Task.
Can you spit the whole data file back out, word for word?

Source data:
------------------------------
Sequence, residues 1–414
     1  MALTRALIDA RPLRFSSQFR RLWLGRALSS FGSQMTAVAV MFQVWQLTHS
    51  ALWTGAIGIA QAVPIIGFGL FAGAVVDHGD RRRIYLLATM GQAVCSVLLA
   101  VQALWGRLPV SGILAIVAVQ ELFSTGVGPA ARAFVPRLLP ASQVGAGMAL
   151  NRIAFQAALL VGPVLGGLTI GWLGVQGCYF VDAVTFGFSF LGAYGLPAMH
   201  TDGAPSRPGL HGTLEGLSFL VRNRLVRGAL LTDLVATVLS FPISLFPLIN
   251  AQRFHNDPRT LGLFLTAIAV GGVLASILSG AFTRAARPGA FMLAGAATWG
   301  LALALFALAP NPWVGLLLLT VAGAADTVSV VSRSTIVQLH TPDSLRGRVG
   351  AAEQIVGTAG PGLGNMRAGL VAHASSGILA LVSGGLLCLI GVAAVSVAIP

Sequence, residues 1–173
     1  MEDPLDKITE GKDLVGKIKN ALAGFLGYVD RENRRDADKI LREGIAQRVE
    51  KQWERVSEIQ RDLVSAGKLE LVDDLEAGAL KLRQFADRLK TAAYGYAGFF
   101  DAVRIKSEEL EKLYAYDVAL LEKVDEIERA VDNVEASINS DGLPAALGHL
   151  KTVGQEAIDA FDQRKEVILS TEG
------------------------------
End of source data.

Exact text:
Sequence, residues 1–414
     1  MALTRALIDA RPLRFSSQFR RLWLGRALSS FGSQMTAVAV MFQVWQLTHS
    51  ALWTGAIGIA QAVPIIGFGL FAGAVVDHGD RRRIYLLATM GQAVCSVLLA
   101  VQALWGRLPV SGILAIVAVQ ELFSTGVGPA ARAFVPRLLP ASQVGAGMAL
   151  NRIAFQAALL VGPVLGGLTI GWLGVQGCYF VDAVTFGFSF LGAYGLPAMH
   201  TDGAPSRPGL HGTLEGLSFL VRNRLVRGAL LTDLVATVLS FPISLFPLIN
   251  AQRFHNDPRT LGLFLTAIAV GGVLASILSG AFTRAARPGA FMLAGAATWG
   301  LALALFALAP NPWVGLLLLT VAGAADTVSV VSRSTIVQLH TPDSLRGRVG
   351  AAEQIVGTAG PGLGNMRAGL VAHASSGILA LVSGGLLCLI GVAAVSVAIP

Sequence, residues 1–173
     1  MEDPLDKITE GKDLVGKIKN ALAGFLGYVD RENRRDADKI LREGIAQRVE
    51  KQWERVSEIQ RDLVSAGKLE LVDDLEAGAL KLRQFADRLK TAAYGYAGFF
   101  DAVRIKSEEL EKLYAYDVAL LEKVDEIERA VDNVEASINS DGLPAALGHL
   151  KTVGQEAIDA FDQRKEVILS TEG